At a trilateral summit between Egypt, Cyprus and Greece in Cairo on 8 October, the leaders of the three countries slammed Turkey’s drilling in Cyprus’ Exclusive Economic Zone (EEZ).

AP quoted Egypt’s President Abdel-Fattah el-Sissi, who hosted the meeting with Cyprus President Nicos Anastasiades and Greek Prime Minister Kyriakos Mitsotakis in Cairo, as saying unilateral practices by Turkey risk destabilising the whole eastern Mediterranean and “damage the interests” of its countries while Anastasiades said Cyprus would resort to “all available diplomatic means to halt Turkey’s aggression.” Their statements follow Turkey’s announcement that it sent a drilling ship to the area where Nicosia has licensed foreign companies, including US major ExxonMobil, to drill for oil and gas in the Cyprus’s EEZ.

Asked if these statements deter Turkey from further exploration given that it is also busy with the operation in Syria, Cyprus Natural Hydrocarbons Company CEO Charles Ellinas told New Europe on 10 October Cyprus is receiving strong political and diplomatic support, with the European Union, the United States and the United Kingdom asking Turkey to cease activities in Cyprus EEZ. “Unfortunately, these are not having any impact on Turkey. It has responded by making it clear that it will not back down and it will carry on drilling. Right now, there is no deterrence,” Ellinas said.

The leaders of Egypt, Cyprus and Greece also condemned Turkey’s planned military offensive into northeastern Syria. Ellinas argued that, so far in Syria Turkish President Recep Tayyip Erdogan is using his direct line to US President Donald Trump as license to operate with impunity. “He has also been very careful to develop and maintain a close relationship with (Russian President Vladimir) Putin and not to do anything that would incur Russia’s wrath. And he is not even paying any attention to the EU – he is using the 3.5million migrant and refugee card to neuter EU’s response to its actions in Syria and Cyprus,” Ellinas argued, adding: “The threat of 3.5million migrants and refugees flooding Europe is rendering the EU powerless in terms of taking any meaningful actions to deter Turkish aggressiveness around the East Med region.”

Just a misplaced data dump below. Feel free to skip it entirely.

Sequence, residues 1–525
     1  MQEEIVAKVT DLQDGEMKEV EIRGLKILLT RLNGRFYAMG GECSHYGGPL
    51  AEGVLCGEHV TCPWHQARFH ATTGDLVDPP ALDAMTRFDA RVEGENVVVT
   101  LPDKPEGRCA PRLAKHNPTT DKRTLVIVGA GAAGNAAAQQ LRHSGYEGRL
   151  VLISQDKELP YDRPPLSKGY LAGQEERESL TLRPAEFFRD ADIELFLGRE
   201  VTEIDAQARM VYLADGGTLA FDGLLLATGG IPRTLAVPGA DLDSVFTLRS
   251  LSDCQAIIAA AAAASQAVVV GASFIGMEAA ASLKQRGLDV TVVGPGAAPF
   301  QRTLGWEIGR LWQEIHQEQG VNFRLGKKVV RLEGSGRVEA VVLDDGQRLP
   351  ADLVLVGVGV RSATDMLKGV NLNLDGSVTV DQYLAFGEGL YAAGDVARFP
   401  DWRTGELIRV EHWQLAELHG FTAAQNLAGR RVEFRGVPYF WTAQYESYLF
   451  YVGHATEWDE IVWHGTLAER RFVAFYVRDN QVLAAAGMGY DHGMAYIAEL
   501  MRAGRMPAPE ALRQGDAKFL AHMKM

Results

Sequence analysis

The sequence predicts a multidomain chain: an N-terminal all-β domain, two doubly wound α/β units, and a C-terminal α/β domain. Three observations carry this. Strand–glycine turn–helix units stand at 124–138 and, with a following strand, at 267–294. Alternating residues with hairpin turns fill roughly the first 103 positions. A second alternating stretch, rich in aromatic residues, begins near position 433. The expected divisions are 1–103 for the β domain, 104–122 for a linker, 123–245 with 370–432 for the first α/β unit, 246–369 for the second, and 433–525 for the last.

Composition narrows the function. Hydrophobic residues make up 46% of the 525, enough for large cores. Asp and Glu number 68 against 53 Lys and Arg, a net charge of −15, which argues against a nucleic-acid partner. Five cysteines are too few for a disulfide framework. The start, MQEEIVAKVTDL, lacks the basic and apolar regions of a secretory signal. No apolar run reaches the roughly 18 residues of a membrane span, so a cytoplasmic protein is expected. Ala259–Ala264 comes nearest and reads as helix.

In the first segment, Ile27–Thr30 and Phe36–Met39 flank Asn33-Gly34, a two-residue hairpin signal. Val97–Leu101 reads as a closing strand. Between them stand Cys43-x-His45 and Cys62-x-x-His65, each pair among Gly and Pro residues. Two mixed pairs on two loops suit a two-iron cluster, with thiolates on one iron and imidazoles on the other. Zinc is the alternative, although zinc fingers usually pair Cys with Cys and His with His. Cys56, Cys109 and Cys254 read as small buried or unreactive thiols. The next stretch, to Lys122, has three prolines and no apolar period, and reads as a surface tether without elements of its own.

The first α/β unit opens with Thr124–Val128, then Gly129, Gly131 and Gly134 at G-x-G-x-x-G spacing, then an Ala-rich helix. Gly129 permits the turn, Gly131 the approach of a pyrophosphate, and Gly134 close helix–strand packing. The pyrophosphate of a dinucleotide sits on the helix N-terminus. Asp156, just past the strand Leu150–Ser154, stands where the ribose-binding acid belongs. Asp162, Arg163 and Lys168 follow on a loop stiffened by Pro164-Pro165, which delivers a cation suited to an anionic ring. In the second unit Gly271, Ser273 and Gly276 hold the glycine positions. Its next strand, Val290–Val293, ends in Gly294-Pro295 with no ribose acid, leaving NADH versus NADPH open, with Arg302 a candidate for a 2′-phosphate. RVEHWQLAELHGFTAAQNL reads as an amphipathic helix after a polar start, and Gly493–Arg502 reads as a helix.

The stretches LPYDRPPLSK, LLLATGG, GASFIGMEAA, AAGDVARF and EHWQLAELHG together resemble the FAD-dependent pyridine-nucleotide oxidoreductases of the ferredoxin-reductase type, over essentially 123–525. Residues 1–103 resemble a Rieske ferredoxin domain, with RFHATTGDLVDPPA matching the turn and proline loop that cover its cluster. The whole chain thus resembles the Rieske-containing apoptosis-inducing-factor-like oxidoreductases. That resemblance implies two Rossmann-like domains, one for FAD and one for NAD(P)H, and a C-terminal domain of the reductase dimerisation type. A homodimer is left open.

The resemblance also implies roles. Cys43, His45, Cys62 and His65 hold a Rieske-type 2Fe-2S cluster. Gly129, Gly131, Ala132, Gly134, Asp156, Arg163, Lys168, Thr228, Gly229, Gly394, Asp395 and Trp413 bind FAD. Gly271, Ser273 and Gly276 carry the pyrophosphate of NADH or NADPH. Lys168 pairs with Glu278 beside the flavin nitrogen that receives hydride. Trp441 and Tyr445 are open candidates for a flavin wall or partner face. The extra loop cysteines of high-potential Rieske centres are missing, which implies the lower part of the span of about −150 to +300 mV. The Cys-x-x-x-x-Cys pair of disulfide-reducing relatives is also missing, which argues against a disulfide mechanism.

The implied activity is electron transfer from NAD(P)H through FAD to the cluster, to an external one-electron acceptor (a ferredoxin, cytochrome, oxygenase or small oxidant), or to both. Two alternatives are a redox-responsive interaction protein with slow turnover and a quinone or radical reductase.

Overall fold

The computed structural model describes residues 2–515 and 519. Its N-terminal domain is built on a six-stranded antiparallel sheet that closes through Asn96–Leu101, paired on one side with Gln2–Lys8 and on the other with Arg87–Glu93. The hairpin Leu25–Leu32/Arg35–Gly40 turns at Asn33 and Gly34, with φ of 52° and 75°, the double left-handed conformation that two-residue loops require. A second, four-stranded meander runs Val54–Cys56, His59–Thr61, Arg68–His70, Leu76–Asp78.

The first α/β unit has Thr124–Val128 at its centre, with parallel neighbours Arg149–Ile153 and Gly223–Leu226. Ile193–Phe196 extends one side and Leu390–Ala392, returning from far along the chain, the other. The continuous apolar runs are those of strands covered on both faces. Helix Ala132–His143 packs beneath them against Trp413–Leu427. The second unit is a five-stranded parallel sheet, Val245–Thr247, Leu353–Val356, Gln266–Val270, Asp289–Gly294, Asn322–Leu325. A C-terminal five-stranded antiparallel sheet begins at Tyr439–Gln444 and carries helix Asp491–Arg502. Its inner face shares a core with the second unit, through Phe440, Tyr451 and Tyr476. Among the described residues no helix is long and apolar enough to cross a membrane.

According to the Cyprus Natural Hydrocarbons Company CEO, the European Commission confines itself to strong, critical, statements, but as these are not supported by any serious measures, they are ineffective. “Turkey knows that and ignores them. It has also learned, by testing international community reactions to its aggression, that is can ignore these at very limited cost,” Ellinas quipped, adding that as as a result, Ankara feels free to pursue its aims in the region with impunity. “In effect there are no checks and balances that in the past acted as a restraint. Right now, there are no restraints. If no effective action is taken, it does not bode well for the region. Turkey feels emboldened and free to use its might to enforce its will, and increasingly without restraint,” Ellinas said.

Cooperation of Egypt, Cyprus and Greece could facilitate the export of hydrocarbons from the region to Europe, boosting EU energy security. Ellinas said cooperation with Egypt could help export some of Cyprus gas to Europe through Egypt’s liquified natural gas (LNG) plants. He reminded that there are ongoing negotiations – with intergovernmental agreements already signed – to export gas from Cyprus’ Aphrodite field to Egypt’s Idku liquefaction plant. But surplus gas in Egypt – which by next year should lead to full utilisation of its LNG plants – and low global gas prices are challenging this, Ellinas said.

Asked if cooperation with Egypt will lessen the chances of the East Med pipeline planned to carry gas from Cypriot and Israeli fields via Greece to Europe, Ellinas said as far as the East Med gas pipeline is concerned, without a substantial reduction in costs – especially in the asking price for the gas before it enters the pipeline – it is not commercially viable.

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